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Monday, March 14, 2011

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Dr. Vallicella,

If you're not already aware, you may find John Leslie's book Value and Existence interesting. I see you reference Universes, but Value and Existence is basically a book-length defense of the title of this post.

Thanks for the reference, Mr McIntosh. Does Leslie say something different from what he says in Universes?

'Both arguments appear circular or question-begging. Since a maximally perfect being is possible if and only if it is actual, to know that the possibility premise of the modal ontological argument is true one must already know that the conclusion is true. But then the argument begs the question.'

I think this is confused. Grant that A iff B and you deny that B.
You appear to be saying that any grounds put forward for accepting A must beg the question against you since you cannot consistently accept A without denying B.

But surely the relevant question is: do these grounds exert their force independently of a belief in A or B? Not whether you can consistently accept what they suggest about A without denying B, of course you can't.

And it seems clear that the deontic grounds you appeal to do carry their force independently of the claim that God exists - their force is intuitive. An atheist can consistently believe that

1) Intuitively, a perfect being ought to exist.

You don't need to know that God exists before you can know this, as you appear to suggest.

Bill,

An excellently rich and intriguing post, as usual. While there are many fascinating themes I would have liked to examine, I will focus here on your concluding remarks. Your final assessment of the Argument seems to be that while it cannot be taken as a proof, in the strict sense of the term, it nonetheless has merit. The question arises: What are the Argument’s philosophical limitations and what are its merits?

The principal merit of the Argument is that by means of rational discourse it can take us as far as countenancing the conceptual coherence of the notion of “creative axiological requirements.” The limitation of the argument seems to be that it cannot take us any further. That is, the Argument cannot establish the conclusion that whatever is axiologically required to exist in fact does exist. The upshot is that while the Argument succeeds to navigate us by means of rational discourse to the threshold of an important conceptual knowledge, it cannot gratify our yearning to discover whether a maximally perfect being actually exist. You say: “Thoughts that enter this dimension taper off into mysticism and leave the discursive precincts of philosophy behind.” In other words, ultimately our yearning to know whether a maximally perfect being actually exists can only be fulfilled by mysticism.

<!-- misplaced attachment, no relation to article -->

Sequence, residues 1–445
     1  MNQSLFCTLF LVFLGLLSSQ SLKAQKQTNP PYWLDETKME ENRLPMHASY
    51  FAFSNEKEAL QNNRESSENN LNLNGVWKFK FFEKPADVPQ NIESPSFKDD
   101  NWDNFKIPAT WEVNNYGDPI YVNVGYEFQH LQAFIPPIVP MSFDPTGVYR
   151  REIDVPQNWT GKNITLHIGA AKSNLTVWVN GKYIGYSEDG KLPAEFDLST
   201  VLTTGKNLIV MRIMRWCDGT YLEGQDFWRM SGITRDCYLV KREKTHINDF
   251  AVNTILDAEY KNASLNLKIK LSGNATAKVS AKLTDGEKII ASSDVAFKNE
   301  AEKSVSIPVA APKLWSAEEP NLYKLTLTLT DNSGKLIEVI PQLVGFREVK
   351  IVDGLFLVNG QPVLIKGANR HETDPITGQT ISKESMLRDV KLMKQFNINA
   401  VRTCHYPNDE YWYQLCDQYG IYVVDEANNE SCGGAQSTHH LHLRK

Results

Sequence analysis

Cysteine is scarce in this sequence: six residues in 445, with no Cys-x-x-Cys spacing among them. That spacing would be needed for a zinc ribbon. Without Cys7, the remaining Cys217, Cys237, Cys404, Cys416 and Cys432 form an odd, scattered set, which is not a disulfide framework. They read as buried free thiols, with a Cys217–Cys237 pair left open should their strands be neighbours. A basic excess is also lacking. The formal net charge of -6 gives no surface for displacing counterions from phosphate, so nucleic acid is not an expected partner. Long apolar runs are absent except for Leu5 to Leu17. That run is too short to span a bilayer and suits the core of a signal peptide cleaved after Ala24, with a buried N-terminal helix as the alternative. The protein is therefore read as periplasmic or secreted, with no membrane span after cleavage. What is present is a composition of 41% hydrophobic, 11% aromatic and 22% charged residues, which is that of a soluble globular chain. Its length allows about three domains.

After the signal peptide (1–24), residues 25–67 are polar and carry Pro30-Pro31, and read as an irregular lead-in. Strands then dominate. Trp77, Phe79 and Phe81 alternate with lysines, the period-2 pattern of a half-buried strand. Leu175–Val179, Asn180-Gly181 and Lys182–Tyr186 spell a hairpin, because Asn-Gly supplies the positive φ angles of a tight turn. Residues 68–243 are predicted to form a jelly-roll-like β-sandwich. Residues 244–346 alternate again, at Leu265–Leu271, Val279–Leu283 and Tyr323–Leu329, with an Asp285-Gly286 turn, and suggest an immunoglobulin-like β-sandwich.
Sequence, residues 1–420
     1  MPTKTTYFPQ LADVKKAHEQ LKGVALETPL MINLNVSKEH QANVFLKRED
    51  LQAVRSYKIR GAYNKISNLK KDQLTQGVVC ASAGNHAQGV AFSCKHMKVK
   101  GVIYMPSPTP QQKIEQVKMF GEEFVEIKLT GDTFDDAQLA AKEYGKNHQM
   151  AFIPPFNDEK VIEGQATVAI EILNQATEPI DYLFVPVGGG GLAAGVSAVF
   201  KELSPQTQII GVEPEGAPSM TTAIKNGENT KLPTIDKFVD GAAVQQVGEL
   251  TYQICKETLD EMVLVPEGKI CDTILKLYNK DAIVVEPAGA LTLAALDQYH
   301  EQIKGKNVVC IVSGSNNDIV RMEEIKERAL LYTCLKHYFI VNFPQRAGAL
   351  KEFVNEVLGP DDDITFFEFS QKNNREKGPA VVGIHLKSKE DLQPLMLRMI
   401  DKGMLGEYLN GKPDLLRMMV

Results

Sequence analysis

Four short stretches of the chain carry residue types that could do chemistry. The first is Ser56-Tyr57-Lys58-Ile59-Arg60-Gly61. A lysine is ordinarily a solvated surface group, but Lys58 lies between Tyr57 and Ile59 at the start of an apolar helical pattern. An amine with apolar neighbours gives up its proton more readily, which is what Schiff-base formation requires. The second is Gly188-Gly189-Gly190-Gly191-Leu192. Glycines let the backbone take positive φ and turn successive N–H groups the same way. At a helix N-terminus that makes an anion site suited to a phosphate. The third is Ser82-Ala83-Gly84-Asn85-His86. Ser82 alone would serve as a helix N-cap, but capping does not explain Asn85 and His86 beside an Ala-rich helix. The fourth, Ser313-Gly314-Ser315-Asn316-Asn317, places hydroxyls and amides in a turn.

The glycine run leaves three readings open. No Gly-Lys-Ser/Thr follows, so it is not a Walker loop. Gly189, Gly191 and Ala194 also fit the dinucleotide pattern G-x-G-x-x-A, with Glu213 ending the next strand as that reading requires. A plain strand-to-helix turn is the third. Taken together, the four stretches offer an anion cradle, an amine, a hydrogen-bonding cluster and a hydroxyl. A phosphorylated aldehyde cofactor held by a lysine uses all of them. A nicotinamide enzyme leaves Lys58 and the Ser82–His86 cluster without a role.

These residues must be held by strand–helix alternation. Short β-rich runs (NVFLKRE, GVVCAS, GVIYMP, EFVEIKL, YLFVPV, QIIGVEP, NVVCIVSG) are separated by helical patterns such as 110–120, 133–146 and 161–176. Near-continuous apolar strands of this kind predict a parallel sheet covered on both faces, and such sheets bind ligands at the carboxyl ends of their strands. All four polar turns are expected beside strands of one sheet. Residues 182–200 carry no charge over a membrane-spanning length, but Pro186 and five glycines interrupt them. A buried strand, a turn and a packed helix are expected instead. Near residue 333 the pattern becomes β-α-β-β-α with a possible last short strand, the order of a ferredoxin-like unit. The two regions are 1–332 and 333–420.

If I am correct in my understanding of your post, then the following concern arises.

The principal purpose of arguments for the existence of a maximally perfect being has always been to reinforce faith in the existence of such a being with a rational argument. The inevitable question arises: What considerations compel the need to supplement faith with reason? The common answer to this question is that while faith is a type of propositional attitude that is self-legitimizing, in the sense that it requires no evidence for its legitimacy, it would nevertheless be helpful to have an independent argument for the existence of a maximally perfect being.

But this won’t do, at least not as a rationale for the need to buttress faith with reason. For if faith is indeed a belief that requires no evidence for its legitimacy, then being in a state of mind that faith provides and recognizing the self-legitimizing character of this kind of state of mind ought to dispel the need to seek any further support. It is therefore unclear what explains the need for an argument over and above the presence of faith that a maximally perfect being exists and in what respect could such an argument be helpful.

I suspect that ultimately the appeal to reason has been driven by an altogether different thought or suspicion: namely, that faith alone cannot underwrite propositional knowledge. By ‘underwrite’ here I mean something more fundamental than merely that faith alone does not require nor is it sufficient to provide adequate *evidence* for the belief that a maximally perfect being exists. I rather mean that faith alone is not a propositional attitude (e.g., a belief) at all. And if faith is not a propositional attitude, then it cannot be propositional knowledge either.

If faith is not to be counted as a propositional attitude at all, then what sort of attitude is it? So far as I can see, the only alternative to faith being a propositional (or cognitive) attitude is that it is a species of a non-cognitive attitude that is based upon a blend of certain kind of sentiments. Thus, having faith in the existence of a maximally perfect being is a non-cognitive attitude, an emotively based state of mind, a state of mind that by its very nature neither requires nor admits evidence. Once we see faith in this light, it becomes clear in what sense an argument for the existence of a maximally perfect being might reinforce faith. Such an argument is not intended to provide support for the attitude of faith. Rather it is designed to justify a parallel cognitive-attitude of belief that a maximally perfect being exists and thereby supplement, rather than justify, the already existing faith in such a being.

The trouble is that if the axiological Argument falls short of justifying a cognitive belief in the existence of a maximally perfect being, as distinguished from the coherence of this notion, then it cannot serve to justify a parallel cognitive-attitude of belief that a maximally perfect being exists. And your concession that the Argument can only takes us to the doorsteps of mysticism seems to suggest that any further rational inquiry is impossible. And this means that at the very crucial step where faith needs the assistance of reason, the axiological Argument leaves us at the very same place that faith already occupies. It therefore fails to supplement faith in the manner it is needed the most. But this means that it is of no use whatsoever as a supplement of faith.